As they learn more about this fuels search business, the 100-octane coalition seems to be undergoing a bit of culture shock. These guys are self-made entrepreneurs who invent things, sell things and basically live by their wits. The Search For a New Fuels empire has been at it for 20 years and has produced essentially nothing but bullet-point briefings, proposals and meetings…a lot of meetings.

One reason for this is slavish adherence to process, and to that grand document of avgas specification, ASTM D910—a simple little sheet that describes what avgas must do, and what it needs to have in it. Great thing. But also the Rosetta Stone of failure, because all of CRC's and FAST's efforts have been hung up on meeting D910, which was written precisely for leaded avgas. That guarantees that only leaded avgas will meet it. In other words, as an intellectual problem solving exercise, they have gotten it exactly backwards for 20 years. The problem is the holy altar upon which the solution is being sacrificed.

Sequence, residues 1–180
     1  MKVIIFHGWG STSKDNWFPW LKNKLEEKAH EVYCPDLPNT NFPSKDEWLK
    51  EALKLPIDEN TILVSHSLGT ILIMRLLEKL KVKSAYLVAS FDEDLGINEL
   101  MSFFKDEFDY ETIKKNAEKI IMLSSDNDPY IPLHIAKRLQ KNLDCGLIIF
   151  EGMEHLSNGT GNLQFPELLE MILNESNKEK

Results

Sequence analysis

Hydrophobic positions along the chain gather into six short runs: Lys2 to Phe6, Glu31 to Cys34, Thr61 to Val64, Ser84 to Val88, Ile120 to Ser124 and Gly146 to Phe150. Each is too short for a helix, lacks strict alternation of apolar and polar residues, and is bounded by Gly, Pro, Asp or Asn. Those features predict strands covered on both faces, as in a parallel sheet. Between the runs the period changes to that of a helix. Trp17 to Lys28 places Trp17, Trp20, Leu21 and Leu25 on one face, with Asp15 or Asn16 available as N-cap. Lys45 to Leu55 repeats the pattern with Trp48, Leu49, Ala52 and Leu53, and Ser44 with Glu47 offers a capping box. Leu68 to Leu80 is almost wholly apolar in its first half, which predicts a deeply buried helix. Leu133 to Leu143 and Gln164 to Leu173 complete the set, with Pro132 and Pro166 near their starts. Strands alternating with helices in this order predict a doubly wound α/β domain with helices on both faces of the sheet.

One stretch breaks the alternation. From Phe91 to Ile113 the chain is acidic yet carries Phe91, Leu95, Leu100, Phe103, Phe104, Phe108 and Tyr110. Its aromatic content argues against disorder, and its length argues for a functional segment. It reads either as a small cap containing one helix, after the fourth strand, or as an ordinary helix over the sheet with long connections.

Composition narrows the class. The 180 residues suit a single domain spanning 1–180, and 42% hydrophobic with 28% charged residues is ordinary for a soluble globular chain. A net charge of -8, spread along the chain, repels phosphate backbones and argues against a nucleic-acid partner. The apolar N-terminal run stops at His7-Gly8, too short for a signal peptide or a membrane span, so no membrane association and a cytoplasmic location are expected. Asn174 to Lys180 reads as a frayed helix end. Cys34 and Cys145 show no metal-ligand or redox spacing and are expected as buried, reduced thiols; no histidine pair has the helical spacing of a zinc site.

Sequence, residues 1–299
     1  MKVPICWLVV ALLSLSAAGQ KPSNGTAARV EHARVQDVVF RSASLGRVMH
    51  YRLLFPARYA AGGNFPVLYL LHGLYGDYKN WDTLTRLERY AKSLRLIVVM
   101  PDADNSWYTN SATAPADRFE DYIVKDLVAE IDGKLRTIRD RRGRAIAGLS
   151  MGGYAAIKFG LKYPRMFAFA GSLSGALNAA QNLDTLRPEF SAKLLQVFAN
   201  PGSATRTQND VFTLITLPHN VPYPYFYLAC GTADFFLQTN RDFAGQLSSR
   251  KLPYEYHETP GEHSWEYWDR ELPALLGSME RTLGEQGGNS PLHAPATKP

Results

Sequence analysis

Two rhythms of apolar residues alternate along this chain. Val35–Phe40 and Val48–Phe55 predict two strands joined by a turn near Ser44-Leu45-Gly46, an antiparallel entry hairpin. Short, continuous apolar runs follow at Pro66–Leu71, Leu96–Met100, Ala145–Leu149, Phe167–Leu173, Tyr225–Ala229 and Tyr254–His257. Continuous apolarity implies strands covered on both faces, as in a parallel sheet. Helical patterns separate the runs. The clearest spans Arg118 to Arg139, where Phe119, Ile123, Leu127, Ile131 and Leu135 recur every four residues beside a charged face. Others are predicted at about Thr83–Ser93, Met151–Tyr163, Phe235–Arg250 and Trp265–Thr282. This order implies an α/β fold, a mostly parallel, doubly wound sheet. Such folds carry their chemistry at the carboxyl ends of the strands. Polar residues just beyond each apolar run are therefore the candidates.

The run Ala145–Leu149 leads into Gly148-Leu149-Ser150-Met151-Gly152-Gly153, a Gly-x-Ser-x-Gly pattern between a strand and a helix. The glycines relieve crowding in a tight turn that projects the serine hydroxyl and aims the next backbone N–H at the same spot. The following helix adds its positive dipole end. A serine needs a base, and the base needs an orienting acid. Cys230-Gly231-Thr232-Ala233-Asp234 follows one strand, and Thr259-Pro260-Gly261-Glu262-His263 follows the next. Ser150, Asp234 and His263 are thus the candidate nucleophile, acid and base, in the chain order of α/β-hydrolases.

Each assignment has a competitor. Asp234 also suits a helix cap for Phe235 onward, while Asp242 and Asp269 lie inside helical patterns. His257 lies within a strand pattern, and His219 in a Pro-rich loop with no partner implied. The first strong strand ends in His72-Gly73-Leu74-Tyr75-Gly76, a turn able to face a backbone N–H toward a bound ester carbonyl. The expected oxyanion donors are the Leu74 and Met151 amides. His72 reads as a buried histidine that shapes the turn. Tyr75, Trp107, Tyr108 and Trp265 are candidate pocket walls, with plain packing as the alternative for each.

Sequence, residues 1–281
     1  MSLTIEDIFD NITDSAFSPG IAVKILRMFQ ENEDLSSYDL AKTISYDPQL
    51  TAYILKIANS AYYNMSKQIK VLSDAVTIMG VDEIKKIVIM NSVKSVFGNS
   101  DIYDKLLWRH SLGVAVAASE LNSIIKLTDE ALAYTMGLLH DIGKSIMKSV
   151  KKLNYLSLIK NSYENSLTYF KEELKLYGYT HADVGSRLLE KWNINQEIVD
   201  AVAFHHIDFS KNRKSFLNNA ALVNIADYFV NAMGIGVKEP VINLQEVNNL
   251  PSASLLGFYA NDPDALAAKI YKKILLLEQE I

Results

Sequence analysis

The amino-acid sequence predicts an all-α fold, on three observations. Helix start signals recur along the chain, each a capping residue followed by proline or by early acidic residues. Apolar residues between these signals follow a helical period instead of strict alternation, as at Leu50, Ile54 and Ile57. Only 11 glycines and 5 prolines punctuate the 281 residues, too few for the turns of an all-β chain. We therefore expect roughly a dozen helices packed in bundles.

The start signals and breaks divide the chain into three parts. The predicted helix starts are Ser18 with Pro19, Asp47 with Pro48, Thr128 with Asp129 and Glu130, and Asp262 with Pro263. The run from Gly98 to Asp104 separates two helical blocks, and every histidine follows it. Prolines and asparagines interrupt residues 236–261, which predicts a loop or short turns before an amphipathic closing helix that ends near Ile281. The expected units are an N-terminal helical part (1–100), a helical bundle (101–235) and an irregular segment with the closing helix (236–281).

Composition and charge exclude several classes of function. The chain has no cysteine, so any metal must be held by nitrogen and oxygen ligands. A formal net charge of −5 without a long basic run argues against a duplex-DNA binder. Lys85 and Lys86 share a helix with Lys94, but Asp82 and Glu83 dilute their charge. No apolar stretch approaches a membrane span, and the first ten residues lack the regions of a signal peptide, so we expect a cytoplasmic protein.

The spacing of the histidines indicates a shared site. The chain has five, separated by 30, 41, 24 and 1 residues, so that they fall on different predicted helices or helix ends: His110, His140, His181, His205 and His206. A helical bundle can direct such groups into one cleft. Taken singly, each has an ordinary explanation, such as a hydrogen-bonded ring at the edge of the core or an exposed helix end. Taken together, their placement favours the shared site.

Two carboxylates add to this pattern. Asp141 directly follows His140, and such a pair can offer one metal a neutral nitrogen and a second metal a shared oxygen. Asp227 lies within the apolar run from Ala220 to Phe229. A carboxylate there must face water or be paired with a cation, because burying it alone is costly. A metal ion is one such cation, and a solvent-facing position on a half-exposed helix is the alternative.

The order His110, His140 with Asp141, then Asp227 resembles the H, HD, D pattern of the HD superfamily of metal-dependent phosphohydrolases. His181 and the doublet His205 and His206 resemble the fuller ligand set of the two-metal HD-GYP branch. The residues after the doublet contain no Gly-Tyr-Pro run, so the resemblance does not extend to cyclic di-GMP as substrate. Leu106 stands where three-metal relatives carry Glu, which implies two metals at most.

What the 100-Octane Coalition would like to do is scrap D910 in favor of a 100-octane gas that, you know, actually works, burns and doesn't detonate. Then write a new spec around that. Oh, and don't take two years doing it, either. As part of this, they want the FAA to stop blocking efforts to approve fuels for test purposes via STC. The Coalition also thinks that the new fuel will have to come from the entrepreneurial sector, not the oil companies and certainly not CRC or FAST, which exist only to evaluate and jolly along the approval process.